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Education

Local HS Students, Tech Moguls Give Thumbs Up To Coding Bill

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SAIL High School junior Ram Moore is the lead programmer for the OctoPiRates

Computer coders have found a champion in Florida Senator Jeremy Ring. Ring, a former yahoo executive, believes coding is an art, rather than a science.  He’s putting forth an idea to allow Florida students to choose coding in order to fulfill a foreign language requirement for college.

Florida students don’t have to take a foreign language to graduate from a public high school. But the state’s public university system does require at least two years of study in another language. And Margate Democratic Senator Jeremy Ring, says why not broaden the language offerings? Instead of the usual suspects, like French or Spanish, why not something like Python? Or C++?

“Whether you’re going into politics, sales, it doesn’t really matter. You need to have a technology understanding in order to compete in life and in a professional environment. I’ve always believed, and stronger than ever now, that computer coding and technology is really more of a liberal art than a stem," said Ring. 

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Code runs the world.  It’s what computers runs on. How TV’s operate. And at Leon County’s SAIL High School, it’s hopefully the ticket to a big win in an upcoming robotics competition. Technology teacher Jasun Burdick and junior Ram Moore, along with a dozen other students, make up the OctoPiRates robotics Club. It’s held after school hours.

The group’s 3-D printer is whirring away as it turns PVC pipe into a red, Lego-like piece that will be added on to the robot the students are building.

The vehicle, with its eight lime-green rubber wheels, square-framed steel structure and vertical scooping arm, has been designed to roll, climb and grab as part of an upcoming competition. The OctoPiRates are in the final days before their project gets packed up and sealed off to compete. There’s not a class dedicated solely to coding. And many of the OctoPiRates, like Ram, are self-taught.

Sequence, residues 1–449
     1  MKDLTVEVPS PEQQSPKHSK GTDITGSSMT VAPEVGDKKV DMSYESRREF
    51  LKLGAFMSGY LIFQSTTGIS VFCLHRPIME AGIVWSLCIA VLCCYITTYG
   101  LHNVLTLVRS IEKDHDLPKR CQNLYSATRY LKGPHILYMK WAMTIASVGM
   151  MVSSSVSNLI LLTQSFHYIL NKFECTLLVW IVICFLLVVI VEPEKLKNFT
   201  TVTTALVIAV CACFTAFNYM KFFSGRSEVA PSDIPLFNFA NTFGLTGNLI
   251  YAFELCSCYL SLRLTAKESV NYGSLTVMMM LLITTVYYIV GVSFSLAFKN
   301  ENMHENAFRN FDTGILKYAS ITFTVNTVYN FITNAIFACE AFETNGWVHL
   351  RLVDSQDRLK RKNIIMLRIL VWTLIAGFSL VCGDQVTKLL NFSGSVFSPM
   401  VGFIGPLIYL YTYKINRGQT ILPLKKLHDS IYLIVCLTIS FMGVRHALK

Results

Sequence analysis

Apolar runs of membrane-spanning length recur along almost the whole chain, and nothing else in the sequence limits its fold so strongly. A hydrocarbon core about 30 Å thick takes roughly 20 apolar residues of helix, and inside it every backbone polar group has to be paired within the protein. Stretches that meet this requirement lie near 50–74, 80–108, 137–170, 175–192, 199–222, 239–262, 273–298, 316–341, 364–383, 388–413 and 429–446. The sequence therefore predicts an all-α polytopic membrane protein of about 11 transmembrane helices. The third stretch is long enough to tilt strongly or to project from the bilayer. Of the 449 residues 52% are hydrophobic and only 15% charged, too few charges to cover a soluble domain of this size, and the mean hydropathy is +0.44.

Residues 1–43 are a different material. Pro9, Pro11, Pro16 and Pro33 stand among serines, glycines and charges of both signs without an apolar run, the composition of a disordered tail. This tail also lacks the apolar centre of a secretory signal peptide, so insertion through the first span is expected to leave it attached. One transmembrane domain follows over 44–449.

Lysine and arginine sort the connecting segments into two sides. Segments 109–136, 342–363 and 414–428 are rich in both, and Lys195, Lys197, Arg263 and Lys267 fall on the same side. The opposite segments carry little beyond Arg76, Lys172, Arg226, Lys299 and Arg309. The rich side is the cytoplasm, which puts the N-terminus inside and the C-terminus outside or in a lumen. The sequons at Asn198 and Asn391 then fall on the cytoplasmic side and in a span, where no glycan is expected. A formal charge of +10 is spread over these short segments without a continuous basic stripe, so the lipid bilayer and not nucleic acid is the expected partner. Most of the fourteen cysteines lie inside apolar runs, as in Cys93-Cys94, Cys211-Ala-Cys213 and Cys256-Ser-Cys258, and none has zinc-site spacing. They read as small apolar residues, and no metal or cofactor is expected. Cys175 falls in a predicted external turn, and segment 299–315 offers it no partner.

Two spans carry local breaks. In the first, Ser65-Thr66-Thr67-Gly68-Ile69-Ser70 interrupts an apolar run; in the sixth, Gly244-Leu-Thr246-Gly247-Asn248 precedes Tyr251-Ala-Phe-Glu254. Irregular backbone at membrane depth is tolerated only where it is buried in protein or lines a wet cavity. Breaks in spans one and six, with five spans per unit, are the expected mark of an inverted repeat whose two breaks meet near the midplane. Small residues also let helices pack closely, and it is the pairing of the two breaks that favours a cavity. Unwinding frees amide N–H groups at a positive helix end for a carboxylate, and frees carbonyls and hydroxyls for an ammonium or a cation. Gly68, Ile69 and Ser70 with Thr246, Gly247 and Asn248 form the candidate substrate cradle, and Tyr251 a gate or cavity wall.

“I mostly learned on my own, and I took AP Computer science, and from there, I taught myself some other higher level skills," he said.

https://www.youtube.com/watch?v=n32nz1UW4vg

Sen. Jeremy Ring's SB 468 would require the state education commissioner to designate a coding course that would be in place by the start of the 2018-19 school year.

The proposal is also getting kudos from Silicon Valley.  Microsoft Chairman, John Thompson says coding has become a skill that’s becoming increasingly necessary for students to have, and he asks, what’s wrong with letting kids try it out?

The OctoPiRates' robot is almost ready for competition.
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“If you had a chance to take coding and coding triggered a thought in your mind that I can do this and do it well, and it has the long term consequences of a career in technology which, right now, are some of the highest paying careers in our country, why wouldn’t you do that? I think that’s a great idea.”

But it’s not all props for coding in Florida. Many people acknowledge the need for coding. But what they don’t like is the idea it could replace what many consider another necessary skill: knowing another language. Linda Markley, with the Florida Foreign Language Association, says the benefits of bilingualism shouldn’t be ignored.  She argues coding isn’t the same as a world language.

“There Florida Bureau of Language market statistics for 2023 projects for new job openings, says over 300,000 will require world language skills, as opposed to 48,000 for computer coding.”

But Sail High School OctoPiRate Alexander Olson says not only is coding relevant, it’s vital.

“It really is a whole other language," he said. "I would have rather have learned something like this back when I was in middle than learning Spanish for two years, that I’ve already forgot half of, and that was only 2-3 years ago. This would have stuck with me a lot longer and is something I’m interested in.”       

And Senator Ring insists it’s not an either-or proposition. He says coding isn’t about creating new engineers, it’s an essential skill people need to have to navigate changing technologies. And he argues if Florida is serious about its foreign languages, it needs to start kids out at a younger age in immersion programs. But until then, Ring believes there’s room for both.   

The Florida House and Senate chambers could approve the bill next week.